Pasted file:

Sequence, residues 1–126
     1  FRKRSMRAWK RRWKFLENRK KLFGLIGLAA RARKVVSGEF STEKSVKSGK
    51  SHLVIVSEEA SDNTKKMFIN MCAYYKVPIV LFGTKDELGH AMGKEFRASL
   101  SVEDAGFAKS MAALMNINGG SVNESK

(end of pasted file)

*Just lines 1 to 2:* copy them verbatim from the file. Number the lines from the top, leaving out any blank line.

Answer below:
Sequence, residues 1–126
     1  FRKRSMRAWK RRWKFLENRK KLFGLIGLAA RARKVVSGEF STEKSVKSGK